Reputable Brand

Building a Reputable Brand

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Building a Reputable Brand – One of our core values at Firsthand Foods is authenticity, or what we’ve coined “being real.” It can feel risky to be real. Telling the truth potentially exposes our imperfections. But we’ve determined that openly sharing information about ourselves, our products, and our supply chain is essential to building both a positive team culture and a reputable brand.

From a branding perspective, we are challenged not to overly romanticize our farmers’ stories and to instead offer truthful narratives about our products and supply chain partners. It’s easy to indulge in “green-washing” and we see it happening all the time in the farm-to-table movement. Afterall, most of us want our customers to feel good about their food choices and it’s just easier to spin simplistic narratives. And while we’re committed to authentically connecting with our audience on social media, we’ve found that these platforms make it difficult to communicate complex, nuanced stories. Despite the challenge, we are committed to this principle of authenticity and to being real.

Here are a few of the core issues that challenge us to be real:

  1. Animals must die for us to eat meat. This is a painful truth for most people to face. It’s a conversation that on most days, we would honestly prefer to avoid. But we have to talk about it because every week we purchase animals and pay for their slaughter. That’s what it takes to get meat to market. We’ve come to understand that when we keep this conversation in the shadows, we fail to honor the animals who have sacrificed their lives for us to eat. And by extension we fail to recognize the critical role all of us have in trying to provide meat animals with a good life and a good death while they are in our care. So we welcome this conversation despite its difficulty.
  2. Our meat is not organic. We believe our meats are vastly preferable to industrial scale commodity meats. But they aren’t everything our customers want them to be or for that matter, all that they could be. For example, our meats are not organic despite the fact that a lot of people make this assumption. Someday we hope they will be. But the current costs associated with raising livestock organically, are prohibitive and unworkable for the markets we sell into. Most of the chefs, retailers, and food service customers in our network could not afford to purchase our meats if they were raised organically.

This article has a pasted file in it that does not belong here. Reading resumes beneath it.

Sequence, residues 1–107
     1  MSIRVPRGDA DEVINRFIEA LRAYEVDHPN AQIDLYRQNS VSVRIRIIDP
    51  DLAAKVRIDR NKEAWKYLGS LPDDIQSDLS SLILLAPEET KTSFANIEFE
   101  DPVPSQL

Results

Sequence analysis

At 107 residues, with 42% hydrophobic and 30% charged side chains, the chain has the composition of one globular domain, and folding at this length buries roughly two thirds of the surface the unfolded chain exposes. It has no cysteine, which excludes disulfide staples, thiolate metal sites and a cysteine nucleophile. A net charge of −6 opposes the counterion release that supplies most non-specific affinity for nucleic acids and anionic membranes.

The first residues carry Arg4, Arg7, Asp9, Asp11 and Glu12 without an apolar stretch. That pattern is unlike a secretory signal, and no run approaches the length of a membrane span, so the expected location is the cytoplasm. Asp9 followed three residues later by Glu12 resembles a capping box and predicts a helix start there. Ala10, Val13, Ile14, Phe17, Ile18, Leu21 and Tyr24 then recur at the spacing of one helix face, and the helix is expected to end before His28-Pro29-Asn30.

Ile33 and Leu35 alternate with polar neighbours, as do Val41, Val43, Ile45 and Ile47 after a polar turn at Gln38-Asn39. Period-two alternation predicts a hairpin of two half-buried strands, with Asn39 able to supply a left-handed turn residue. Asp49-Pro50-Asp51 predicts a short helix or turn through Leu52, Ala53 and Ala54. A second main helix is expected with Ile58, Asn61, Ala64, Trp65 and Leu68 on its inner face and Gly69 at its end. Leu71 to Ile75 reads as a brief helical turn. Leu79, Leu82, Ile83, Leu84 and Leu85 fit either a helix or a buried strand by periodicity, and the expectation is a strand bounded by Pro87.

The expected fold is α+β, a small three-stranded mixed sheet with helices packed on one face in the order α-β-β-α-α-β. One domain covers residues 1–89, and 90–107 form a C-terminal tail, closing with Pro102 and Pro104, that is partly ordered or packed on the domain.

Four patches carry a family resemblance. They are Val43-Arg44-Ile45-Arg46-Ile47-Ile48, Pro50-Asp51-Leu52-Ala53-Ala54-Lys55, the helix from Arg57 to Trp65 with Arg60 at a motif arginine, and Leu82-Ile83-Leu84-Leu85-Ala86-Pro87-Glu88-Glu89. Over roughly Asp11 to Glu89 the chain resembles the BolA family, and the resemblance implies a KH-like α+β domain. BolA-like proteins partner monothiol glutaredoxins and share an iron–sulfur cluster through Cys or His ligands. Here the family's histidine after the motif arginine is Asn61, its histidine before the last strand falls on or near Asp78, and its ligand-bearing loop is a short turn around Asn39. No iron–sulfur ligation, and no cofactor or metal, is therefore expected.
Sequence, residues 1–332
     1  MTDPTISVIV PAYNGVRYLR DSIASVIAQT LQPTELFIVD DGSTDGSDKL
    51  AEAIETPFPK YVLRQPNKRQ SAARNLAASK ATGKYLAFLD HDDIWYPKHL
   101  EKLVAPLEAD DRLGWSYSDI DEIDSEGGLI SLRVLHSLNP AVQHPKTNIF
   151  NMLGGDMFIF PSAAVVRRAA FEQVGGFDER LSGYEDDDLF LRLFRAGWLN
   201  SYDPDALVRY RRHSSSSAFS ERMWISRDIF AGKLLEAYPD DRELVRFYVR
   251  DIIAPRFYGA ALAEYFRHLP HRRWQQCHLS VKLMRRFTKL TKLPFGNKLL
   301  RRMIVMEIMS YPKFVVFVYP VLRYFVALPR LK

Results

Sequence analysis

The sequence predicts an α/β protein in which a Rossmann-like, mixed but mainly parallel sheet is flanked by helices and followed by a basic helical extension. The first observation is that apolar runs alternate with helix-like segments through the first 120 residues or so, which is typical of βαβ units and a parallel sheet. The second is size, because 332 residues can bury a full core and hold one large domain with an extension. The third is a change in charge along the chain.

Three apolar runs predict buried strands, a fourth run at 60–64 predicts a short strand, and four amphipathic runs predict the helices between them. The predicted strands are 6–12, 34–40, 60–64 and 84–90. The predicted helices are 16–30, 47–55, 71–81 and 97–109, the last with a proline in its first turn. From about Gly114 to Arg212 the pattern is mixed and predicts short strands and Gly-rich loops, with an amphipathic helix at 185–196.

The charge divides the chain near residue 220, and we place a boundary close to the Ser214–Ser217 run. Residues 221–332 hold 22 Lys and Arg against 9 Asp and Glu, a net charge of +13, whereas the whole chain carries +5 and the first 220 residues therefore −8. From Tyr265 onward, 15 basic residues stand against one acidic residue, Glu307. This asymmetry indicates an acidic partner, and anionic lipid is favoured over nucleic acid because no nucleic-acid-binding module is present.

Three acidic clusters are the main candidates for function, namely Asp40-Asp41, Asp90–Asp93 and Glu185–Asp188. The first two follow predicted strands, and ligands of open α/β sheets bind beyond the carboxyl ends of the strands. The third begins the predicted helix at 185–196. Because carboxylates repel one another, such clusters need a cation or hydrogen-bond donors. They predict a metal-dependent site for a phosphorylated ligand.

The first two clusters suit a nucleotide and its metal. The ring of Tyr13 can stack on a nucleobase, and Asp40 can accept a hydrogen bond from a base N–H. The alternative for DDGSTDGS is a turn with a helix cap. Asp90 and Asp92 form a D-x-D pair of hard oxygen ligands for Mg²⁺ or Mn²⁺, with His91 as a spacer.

3. Pasture-raised is not perfect. Raising animals outdoors on pasture has many benefits, but it’s not a perfect production system. Just like other methods of food production, there are impacts and hard decisions to be made. For example, pasture and woodlands are excellent habitat for hogs. It’s where they can express their innate sensibilities to root, wallow, and nest. From a humane perspective, this is where they should be. But when you let hogs exist too long in any one place, they can be destructive – peeling bark off trees and rooting up grass with their snouts (see featured photo of hogs on a dry lot). How to prevent this? One option is to give them noserings to make rooting painful. Not the most humane thing to do. Or farmers can use more land and move the hogs more often. But this isn’t really practical or always possible for small-scale farmers who lease most of their land. We’ve chosen to purchase hogs from a Co-Op of producers who follow standards that err on the side of being more humane in large part because this has been the top priority for consumers. But we recognize it comes at a cost and continue to look for ways we can improve the environmental performance of pasture-raised production systems.
  4. Regenerative? Maybe. We see this word used a lot lately and honestly, we’ve used it plenty of times ourselves to describe our beef farmers’ grazing practices. Regenerative speaks to farming practices that replenish soil and ecological resources, including sequestering carbon from the atmosphere and helping to fight climate change. Rather than being extractive, regenerative practices give back more than they take. As much as we love the concept, we are challenged to authentically make that claim about our products. We simply don’t have enough information that is specific to our region and our farms. But we’re working on it! Last month we submitted a grant proposal along with numerous partners that, if funded, will give us the resources to document and understand the regenerative capacity of the farms in our network. We are excited to take you on this journey of exploration and will keep you posted as we learn more.

So, there you have it. No brand is perfect. But if we aim to get anything exactly right, it’s our firsthand, transparent communication with you—the folks who purchase and consume our meat.